When it comes to religion, millennials carve their own path
Young adults are tech-savvy, politically independent, optimistic and racially diverse, according to new, comprehensive research about the millennial generation (currently ages 18-33). Knowing who millennials are is an incredible tool in helping reach them with the message of Jesus.
Let's dig into findings on Millennials in Adulthood, released by the Pew Research Center in March 2014, and discover how the data can help you reach this generation.
Millennials (those born around 1982-97) have grown up with the Internet in their pocket, social media in their friendships and selfies on their walls. None of this was an adaptation. That is simply how their world works. A full 81 percent of millennials are on Facebook with a median number of friends at 250, far higher than that of older age groups.
What does that mean for the church? We must learn to adapt a message spoken more than 2,000 years ago to new media. Beyond having a presence on the Web and Facebook, we must engage there. We must have meaningful presence beyond "come to church at 11." Not doing so says we don't understand their world.
Though they generally vote more for Democrats, half of millennials claim no political affiliation. They consider themselves independent and not nearly as patriotic as the older generations.
What does this mean for the church? It means we must be very careful about how we engage with politics. In fact, an absence of political talk from any upfront personality is something most millennials will appreciate. This does not mean that they are not concerned with social issues. They simply choose to engage issues nonpolitically and do not like to label themselves with the more political terms like "environmentalist."
Though they are only half as likely (19 percent as opposed to around 40 percent of boomers) to say that most people can be trusted, millennials are more likely to believe that the United States' best years lie ahead. This generation has grown up with primetime TV specials like "To Catch a Predator" and constant warnings to guard themselves against people who might be wolves in sheep's clothing. Despite that, they think things generally are looking up.
This may be the most important insight of all from the church's perspective. In hopes of bringing healing and redemption, churches may focus more on sin and its negative impact on the world. However, to millennials, this sort of message lacks a ring of truth. To them, the world is not on the downslide. It is OK and going to get better as far as they are concerned. We must learn to capture the hope of the New Jerusalem and use it to talk about the brilliant future God has for us.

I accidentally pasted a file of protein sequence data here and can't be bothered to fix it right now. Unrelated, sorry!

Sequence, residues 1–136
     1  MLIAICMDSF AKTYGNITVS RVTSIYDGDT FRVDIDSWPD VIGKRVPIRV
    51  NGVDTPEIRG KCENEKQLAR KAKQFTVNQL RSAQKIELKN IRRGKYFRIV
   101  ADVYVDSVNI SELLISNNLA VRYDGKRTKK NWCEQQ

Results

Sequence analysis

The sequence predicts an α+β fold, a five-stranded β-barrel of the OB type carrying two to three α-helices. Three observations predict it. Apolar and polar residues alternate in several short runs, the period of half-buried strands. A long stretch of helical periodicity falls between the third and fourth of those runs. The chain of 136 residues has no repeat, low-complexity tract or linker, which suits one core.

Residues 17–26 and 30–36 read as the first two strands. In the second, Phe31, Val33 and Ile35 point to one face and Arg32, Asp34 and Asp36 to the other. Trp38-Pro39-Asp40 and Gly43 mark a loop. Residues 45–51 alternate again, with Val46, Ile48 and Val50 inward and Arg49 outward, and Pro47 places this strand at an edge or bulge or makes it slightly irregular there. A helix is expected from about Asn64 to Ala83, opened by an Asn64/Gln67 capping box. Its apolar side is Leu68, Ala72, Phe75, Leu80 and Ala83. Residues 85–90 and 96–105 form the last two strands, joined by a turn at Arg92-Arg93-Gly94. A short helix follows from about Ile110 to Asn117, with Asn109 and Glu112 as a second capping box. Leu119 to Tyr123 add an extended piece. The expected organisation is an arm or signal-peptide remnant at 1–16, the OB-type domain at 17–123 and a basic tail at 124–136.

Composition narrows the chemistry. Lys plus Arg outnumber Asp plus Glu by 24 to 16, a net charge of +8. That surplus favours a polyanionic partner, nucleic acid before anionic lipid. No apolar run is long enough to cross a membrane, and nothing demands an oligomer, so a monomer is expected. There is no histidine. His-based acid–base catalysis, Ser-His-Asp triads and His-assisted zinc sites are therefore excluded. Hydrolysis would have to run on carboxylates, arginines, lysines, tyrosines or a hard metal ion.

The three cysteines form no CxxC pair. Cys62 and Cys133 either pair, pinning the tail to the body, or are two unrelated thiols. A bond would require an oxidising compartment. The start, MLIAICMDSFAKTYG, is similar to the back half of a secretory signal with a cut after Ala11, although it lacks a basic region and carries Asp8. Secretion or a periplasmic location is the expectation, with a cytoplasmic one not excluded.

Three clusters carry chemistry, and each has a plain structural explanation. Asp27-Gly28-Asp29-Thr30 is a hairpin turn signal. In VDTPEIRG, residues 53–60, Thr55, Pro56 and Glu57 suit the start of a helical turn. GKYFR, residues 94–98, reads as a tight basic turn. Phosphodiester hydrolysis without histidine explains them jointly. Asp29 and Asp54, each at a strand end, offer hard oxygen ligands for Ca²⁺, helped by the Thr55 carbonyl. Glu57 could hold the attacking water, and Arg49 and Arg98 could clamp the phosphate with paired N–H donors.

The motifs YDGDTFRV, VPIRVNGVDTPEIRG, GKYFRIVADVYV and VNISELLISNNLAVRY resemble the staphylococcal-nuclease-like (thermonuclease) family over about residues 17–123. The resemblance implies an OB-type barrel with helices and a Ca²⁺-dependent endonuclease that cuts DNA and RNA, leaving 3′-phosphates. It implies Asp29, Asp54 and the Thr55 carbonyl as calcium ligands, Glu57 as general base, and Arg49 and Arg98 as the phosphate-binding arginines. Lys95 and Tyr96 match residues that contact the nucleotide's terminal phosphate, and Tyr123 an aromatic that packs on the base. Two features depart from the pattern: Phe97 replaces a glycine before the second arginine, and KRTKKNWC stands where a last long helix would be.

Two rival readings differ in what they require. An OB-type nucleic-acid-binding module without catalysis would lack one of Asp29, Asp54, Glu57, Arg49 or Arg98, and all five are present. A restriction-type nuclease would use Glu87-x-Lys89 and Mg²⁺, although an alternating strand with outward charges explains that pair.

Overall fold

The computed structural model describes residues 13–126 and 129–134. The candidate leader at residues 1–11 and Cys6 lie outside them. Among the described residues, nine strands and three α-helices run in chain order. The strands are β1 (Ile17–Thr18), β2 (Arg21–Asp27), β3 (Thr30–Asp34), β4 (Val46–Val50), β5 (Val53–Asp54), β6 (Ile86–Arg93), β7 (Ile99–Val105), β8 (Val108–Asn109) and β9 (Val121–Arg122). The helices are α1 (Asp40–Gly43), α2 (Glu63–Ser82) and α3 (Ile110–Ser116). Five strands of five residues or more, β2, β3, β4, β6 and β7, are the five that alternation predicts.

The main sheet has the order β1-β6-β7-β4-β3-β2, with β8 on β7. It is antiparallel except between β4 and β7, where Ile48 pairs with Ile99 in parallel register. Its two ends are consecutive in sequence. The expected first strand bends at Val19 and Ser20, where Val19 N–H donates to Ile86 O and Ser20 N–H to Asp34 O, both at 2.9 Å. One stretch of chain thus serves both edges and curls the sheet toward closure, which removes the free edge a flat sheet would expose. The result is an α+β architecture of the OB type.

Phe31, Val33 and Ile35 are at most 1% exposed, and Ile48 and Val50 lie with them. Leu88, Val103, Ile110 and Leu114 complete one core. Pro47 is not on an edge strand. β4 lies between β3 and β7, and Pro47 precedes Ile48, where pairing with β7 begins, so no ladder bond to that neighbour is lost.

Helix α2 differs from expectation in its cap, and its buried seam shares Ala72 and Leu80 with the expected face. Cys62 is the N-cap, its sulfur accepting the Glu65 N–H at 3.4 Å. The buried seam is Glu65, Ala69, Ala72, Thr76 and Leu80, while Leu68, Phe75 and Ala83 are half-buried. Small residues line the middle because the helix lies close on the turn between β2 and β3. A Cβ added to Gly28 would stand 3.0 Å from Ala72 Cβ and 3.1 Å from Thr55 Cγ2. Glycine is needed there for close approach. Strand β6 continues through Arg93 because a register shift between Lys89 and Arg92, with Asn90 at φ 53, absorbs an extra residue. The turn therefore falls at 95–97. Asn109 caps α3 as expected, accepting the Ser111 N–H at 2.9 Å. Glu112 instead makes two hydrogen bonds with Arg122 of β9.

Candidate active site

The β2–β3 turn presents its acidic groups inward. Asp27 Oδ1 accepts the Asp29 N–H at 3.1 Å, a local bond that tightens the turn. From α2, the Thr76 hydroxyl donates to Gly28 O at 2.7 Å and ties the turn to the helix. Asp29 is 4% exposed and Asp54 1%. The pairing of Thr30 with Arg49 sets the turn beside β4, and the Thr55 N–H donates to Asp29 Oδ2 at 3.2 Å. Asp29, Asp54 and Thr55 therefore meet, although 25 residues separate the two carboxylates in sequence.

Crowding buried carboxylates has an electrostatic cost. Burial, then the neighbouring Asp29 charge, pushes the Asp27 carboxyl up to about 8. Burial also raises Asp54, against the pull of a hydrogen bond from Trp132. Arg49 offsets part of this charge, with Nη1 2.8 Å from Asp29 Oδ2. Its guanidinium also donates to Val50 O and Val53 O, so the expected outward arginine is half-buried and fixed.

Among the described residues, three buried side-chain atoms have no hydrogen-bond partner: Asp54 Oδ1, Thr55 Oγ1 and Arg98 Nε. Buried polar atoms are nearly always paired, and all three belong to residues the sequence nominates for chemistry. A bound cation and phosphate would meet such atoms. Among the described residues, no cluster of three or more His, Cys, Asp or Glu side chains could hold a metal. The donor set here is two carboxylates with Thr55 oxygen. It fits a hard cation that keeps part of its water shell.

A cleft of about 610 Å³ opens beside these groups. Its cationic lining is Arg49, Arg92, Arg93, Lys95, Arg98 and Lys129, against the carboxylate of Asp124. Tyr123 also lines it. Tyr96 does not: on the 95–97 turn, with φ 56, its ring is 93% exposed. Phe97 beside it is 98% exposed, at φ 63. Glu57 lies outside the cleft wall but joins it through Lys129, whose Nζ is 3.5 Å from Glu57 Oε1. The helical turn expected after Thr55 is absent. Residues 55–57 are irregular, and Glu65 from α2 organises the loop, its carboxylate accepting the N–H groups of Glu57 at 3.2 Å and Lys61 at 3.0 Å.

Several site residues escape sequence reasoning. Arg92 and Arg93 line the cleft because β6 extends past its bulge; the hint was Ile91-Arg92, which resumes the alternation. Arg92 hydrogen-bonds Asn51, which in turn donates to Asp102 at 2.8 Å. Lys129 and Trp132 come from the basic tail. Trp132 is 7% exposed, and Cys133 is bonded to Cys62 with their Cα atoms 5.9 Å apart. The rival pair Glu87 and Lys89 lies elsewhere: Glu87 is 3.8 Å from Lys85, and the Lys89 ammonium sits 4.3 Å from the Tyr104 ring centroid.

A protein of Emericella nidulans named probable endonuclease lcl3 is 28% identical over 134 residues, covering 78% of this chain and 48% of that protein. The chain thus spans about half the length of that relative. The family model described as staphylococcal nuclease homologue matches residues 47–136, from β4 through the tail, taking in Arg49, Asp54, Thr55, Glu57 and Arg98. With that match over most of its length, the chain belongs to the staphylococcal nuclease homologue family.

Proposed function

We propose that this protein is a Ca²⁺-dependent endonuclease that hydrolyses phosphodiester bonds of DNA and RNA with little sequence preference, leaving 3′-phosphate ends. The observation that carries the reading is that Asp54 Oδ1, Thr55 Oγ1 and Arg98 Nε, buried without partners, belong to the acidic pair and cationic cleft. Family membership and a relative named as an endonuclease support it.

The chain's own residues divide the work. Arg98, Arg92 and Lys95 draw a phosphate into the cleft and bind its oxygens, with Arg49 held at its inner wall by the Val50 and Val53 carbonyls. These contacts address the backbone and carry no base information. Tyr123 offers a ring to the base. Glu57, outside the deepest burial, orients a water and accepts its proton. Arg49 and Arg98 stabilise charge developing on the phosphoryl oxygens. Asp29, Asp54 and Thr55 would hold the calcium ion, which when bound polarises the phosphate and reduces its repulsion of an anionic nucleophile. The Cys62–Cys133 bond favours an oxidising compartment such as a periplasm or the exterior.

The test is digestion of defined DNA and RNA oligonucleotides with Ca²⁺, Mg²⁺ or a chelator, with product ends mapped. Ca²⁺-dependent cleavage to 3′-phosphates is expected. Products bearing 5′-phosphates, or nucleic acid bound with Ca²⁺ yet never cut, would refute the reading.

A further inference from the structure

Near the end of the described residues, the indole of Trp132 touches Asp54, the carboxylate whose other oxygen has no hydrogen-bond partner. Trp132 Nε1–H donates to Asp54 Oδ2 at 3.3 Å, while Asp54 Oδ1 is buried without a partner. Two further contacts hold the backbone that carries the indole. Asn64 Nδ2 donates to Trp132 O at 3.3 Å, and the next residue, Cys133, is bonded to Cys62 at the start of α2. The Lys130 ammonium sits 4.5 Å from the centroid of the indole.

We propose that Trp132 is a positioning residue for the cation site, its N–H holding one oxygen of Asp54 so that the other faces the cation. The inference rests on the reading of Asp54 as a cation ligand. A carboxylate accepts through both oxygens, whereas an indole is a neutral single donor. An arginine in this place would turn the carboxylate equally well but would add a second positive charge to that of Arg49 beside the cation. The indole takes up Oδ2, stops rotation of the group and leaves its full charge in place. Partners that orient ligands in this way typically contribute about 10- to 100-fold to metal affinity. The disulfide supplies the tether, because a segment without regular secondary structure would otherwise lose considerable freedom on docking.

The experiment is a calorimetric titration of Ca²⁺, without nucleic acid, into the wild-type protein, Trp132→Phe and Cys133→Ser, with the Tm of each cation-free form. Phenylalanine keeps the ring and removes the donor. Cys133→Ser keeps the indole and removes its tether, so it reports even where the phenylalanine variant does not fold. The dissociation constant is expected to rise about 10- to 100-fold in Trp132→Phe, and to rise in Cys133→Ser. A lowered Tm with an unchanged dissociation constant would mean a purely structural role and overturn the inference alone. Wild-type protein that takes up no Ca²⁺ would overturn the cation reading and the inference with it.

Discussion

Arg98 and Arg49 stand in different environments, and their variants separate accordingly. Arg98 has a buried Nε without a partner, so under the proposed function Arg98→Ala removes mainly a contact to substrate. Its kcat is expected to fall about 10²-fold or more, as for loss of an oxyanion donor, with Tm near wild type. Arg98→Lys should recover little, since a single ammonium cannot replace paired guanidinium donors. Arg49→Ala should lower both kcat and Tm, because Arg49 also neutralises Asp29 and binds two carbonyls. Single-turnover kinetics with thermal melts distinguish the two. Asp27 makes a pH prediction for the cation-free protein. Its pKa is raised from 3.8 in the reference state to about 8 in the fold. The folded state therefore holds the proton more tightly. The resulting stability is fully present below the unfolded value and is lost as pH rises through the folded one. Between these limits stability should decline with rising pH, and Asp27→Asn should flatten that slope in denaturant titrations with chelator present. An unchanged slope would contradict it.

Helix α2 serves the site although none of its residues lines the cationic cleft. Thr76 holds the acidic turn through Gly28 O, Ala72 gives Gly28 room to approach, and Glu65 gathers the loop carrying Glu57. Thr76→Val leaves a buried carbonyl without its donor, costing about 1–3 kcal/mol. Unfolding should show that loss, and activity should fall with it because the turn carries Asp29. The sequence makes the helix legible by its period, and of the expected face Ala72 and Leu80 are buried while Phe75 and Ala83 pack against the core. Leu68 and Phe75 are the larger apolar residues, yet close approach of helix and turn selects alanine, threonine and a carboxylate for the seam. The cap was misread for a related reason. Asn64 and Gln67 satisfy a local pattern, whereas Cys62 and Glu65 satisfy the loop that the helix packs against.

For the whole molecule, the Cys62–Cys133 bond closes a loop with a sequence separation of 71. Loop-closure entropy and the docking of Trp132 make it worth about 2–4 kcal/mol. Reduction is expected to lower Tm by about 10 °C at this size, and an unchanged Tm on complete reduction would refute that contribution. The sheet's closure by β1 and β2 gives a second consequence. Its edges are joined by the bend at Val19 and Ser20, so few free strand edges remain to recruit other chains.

Millennials are the most racially diverse U.S. generation in history. With more than 43 percent of this generation being non-white, the idea of an all-white anything makes no sense. Everywhere they turn among their peers, they see the diverse beauty of God's creation, which is a new normal that is changing the United States. In fact, if current trends continue, the majority of North Americans will be non-white by 2043.
Though they may not expect to walk into your church and see a perfect representation of America's melting pot, when the worship leadership is mono-racial, it says the church is not like the rest of their world.
What do young people want from the church?
We asked this question of several young adults for the May-June issue of Interpreter. Ricky Harrison, a student at Duke Divinity School, summarized it this way. "What do young people want from the church? A place to feel accepted and loved unconditionally; authentic relationships; growth in a trusted community; a church that is relevant, engaging the world around it, not cloistered inside a building; a church seeking justice and reconciliation in issues of racism, sexism and economic disparities." Find Harrison's articles and others from the May-June issue at Interpreter OnLine,
One of the most intriguing pieces of data is a measure of the certainty of millennials' beliefs about God. A solid majority – 86 percent – still say they believe in God, but only 58 percent say they are "absolutely certain" that God exists, a lower share than among older adults. This trait of being willing to question and open to being wrong on very important ideas and beliefs is a hallmark of millennials. They are comfortable with truly reflecting on their beliefs, knowing they could be wrong.
This could be as big a cultural change in your church as any of the others are. Churches must be open to questioning. When we debate issues, we must recognize it. When we have questions about something we are discussing, we must share it. If we want to connect with this questioning generation, we must open ourselves – and our sermons – to this way of engaging with the world.
To read the full report, go to www.pewsocialtrends.org/2014/03/07/millennials-in-adulthood.
The Rev. Jeremy Steele is Next Generation minister at Christ United Methodist Church, Mobile, Alabama. He is also an author, blogger at jeremywords.com and frequent contributor to MyCom, an e-newsletter published by United Methodist Communications. This article was adapted from his article in MyCom in May 2014.